The summer program companies have not traditionally been companies that look into the future repercussions of their short term actions. With the evolution of that model, most of them are starting to learn hard lessons about long term attrition models and customer service. The bottom line is that if they don't spend the time and money to correct these issues the lawsuits filed by competitors and the regulations endorsed by municipalities will be of far greater financial consequence than their own training and diligence costs. Associations are typically ineffective at enforcing code of ethics violations.
Summer sales programs that behave like the "Music Man" blowing into town, making sales and vanishing into the night are not good for the industry; however, door to door sales conducted by a company with a permanent presence in the community are good for the industry.
Some claimed door-to-door should become a thing of the past.
It's really an issue of best practices. No sale can ever be successful unless it's approached as consultative. Pushy advertising makes little sense in the world of Web 2.0, where savvy consumers have access to information, research resources, and make decisions based on their needs, not the availability of a product or service. If a consumer wants security, they will seek out a company. That said, the most important aspect of this is to understand the selling of security. No system and no company can ever guarantee that a resident will be protected from crime. What's really being sold is the assurance of peace of mind. If a neighborhood feels that pushy sales people have infiltrated its sanctity, there goes any assurance of privacy, peace of mind, or security. Most view door-to-door sales as not just an inconvenience but a violation. In the end, the message conveyed is contrary to the service or product being pushed. Perhaps residents will end up purchasing security systems just to keep aggressive sales people from entering their property. One last thing; the more aggressive the sales tactic, the greater the perception of a company's desperation to sell, especially in uncertain economies. If the consumer believes that a security company is desperate or has hit hard times, then the consumer has little confidence in that company's solvency or financial security. We're in the 21st century now and our sales strategies should reflect that.
Home security is serious and private, and to let an unknown person in your home is wrong. Their action constantly damages the industry's reputation. Appointments should be pre-scheduled. I had one come to my door, he was a clever liar who had worked for another door to door company before. He said he made a lot of money doing this job and wanted me to pay twice what I already pay for my own system (I had to pry that out of him). He said his company would pay off my current contract. He and his installer were both unlicensed and misrepresented what company they were with. Sorry I can't comment further because of the lawsuit.
Door to door sales threaten public safety and violate privacy. People are becoming more scared of opening their doors to strangers, and for good reason. Home invasions are on the increase, and the public should be discouraged from opening their doors to anyone they don't know. I have a "No Solicitors" sign on my front door because I do not want my privacy invaded.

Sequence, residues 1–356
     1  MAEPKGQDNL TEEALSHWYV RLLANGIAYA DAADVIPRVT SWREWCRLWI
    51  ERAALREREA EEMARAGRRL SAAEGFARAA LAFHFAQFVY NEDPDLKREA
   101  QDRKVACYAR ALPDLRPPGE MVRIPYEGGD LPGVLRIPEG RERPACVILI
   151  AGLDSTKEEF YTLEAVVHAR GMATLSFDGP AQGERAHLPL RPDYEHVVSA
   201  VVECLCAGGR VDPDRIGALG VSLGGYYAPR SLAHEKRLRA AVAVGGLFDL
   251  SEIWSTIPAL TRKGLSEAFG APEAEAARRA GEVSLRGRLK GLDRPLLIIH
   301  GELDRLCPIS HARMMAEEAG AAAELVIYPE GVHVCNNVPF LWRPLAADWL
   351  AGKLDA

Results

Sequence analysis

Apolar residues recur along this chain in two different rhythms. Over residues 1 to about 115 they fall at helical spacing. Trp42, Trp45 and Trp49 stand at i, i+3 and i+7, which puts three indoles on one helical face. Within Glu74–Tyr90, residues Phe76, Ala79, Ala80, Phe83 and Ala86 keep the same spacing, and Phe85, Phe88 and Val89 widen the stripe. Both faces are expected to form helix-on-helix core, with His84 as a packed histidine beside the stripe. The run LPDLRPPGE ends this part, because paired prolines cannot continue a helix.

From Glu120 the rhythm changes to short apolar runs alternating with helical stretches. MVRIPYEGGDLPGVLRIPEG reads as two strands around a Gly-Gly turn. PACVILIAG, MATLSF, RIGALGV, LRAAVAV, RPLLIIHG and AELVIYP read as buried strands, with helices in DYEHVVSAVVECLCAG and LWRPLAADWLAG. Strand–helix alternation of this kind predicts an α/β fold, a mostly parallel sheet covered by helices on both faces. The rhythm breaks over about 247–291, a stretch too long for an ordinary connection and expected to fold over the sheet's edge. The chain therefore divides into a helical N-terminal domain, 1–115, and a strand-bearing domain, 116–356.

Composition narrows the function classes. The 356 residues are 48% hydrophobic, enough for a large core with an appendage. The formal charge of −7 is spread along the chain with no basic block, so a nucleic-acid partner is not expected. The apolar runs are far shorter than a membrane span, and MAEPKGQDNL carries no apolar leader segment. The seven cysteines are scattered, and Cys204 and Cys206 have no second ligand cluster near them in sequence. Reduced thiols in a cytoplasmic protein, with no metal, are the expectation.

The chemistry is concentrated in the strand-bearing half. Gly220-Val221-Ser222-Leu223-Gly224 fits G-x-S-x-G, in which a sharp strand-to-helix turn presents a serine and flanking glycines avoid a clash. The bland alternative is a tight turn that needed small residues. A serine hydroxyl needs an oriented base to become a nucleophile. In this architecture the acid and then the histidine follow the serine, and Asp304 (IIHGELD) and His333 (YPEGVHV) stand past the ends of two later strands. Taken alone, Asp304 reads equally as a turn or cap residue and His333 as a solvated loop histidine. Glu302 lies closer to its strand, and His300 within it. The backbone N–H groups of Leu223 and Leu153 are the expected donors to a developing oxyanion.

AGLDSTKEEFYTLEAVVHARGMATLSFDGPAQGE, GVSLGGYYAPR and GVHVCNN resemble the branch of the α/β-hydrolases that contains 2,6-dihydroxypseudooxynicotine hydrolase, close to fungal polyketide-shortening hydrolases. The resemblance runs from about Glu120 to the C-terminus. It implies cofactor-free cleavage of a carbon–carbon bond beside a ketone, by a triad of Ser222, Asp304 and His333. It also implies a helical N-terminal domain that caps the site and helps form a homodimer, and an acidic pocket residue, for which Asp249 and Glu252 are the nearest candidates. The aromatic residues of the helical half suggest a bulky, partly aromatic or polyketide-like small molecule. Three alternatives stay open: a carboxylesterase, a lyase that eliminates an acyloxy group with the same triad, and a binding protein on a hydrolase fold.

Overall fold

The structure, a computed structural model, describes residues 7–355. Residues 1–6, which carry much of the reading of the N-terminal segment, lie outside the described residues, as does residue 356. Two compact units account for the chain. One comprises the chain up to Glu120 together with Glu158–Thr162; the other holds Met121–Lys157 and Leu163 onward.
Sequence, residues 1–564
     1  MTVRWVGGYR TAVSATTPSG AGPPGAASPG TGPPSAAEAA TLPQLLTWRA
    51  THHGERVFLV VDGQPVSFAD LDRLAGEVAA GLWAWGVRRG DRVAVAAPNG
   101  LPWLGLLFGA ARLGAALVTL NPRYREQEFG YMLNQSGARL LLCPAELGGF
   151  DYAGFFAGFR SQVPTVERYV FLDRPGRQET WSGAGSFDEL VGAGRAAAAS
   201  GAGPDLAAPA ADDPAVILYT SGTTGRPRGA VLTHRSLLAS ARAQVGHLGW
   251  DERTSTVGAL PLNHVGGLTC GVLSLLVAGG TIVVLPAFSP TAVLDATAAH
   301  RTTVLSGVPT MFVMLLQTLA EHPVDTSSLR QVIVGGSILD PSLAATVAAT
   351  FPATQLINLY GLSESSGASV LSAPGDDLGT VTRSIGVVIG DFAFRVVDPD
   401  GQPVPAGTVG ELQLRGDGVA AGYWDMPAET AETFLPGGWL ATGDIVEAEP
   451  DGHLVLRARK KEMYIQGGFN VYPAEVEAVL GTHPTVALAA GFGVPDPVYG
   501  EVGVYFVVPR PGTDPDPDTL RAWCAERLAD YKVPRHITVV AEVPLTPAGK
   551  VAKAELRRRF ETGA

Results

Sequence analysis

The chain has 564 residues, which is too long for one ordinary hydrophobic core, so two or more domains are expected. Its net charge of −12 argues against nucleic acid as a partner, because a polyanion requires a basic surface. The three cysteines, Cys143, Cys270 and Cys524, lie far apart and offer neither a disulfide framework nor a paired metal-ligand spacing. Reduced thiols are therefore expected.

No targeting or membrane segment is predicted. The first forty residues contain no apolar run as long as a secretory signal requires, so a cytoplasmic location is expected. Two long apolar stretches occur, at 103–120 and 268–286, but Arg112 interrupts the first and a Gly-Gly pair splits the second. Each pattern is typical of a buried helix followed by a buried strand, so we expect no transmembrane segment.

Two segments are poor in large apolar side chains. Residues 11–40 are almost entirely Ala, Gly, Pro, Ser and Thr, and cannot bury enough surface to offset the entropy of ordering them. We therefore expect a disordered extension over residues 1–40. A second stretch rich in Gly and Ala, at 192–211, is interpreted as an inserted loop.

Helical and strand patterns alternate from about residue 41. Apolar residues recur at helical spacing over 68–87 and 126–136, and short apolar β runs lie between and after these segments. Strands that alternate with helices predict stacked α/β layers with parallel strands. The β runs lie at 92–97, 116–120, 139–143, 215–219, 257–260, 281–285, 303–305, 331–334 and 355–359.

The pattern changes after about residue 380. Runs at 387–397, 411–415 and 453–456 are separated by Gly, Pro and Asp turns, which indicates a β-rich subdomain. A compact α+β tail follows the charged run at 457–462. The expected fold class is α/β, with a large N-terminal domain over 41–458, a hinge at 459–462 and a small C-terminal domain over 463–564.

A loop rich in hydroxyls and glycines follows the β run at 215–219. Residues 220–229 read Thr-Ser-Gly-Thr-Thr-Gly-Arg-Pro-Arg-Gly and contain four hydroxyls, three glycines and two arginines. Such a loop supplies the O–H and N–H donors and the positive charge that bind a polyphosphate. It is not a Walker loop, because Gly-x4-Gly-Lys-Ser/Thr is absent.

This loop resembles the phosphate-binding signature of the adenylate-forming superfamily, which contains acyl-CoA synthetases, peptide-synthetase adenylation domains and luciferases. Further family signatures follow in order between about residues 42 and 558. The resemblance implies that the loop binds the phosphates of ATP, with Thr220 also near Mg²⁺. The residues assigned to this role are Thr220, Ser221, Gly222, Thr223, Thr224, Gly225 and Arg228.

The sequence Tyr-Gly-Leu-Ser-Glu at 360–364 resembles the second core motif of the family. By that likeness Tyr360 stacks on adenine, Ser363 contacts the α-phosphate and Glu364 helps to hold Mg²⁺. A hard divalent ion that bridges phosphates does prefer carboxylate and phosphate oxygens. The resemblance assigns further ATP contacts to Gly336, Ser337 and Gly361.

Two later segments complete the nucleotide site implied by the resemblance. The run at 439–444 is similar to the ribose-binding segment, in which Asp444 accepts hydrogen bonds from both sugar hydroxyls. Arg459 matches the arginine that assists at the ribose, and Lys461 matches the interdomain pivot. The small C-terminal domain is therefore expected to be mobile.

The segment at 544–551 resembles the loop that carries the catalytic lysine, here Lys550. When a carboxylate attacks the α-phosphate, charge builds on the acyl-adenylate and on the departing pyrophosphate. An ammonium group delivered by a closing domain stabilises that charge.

Some said: "Like it or not, the summer-model works."
The sales method from the summer model program is impressive, regardless of the opinion from alarm companies of traditional sales models. The introduction of high volume, low cost sales programs, introduced many years ago, caused a similar outburst among traditional organizations. The industry is evolving, causing new players to evaluate the opportunity and setting the stage for new sales delivery systems for alarm systems. I am sure in the coming years, another outside player will impact the industry with new technologies and point of sales mechanisms that will cause other traditional alarm companies to sit-up and take notice.
Door to door sales has always been, and will be for a long time, the most productive way to generate new accounts. Every successful sales person (on any level) in this industry makes "cold" calls. That being said, it is never acceptable to mislead or push your customer into purchasing a home security system that is not right for them.
Some felt door-to-door was good in that it helped end users to be proactive about security before a loss occurs, and puts the idea of security in their head.
As long as compliance measures are met by the company, I think that particular method of customer acquisition is great. Exposure to the need for security is spread throughout the neighborhood whether or not someone decides to become a customer and if anything, it gets people to think about security proactively rather than the unfortunate trend in our industry for customers to only buy a system once they have experienced a burglary. People don't usually pursue or research alarms until a crime happens to them or someone close to them. If a door knocker is able to help a family obtain a system they wouldn't have otherwise obtained then I say, AMEN!
The door to door model obviously works for the companies that adopt that model. The summer companies and even the ones that are here year round that use it are extremely aggressive to the point of using untruths to get people to violate an existing contract with their current company and switch over to their services. I think that in the long run they probably create more business for the legitimate alarm company, because the customer will have an alarm in their home, and eventually they will find a good alarm company to do business with.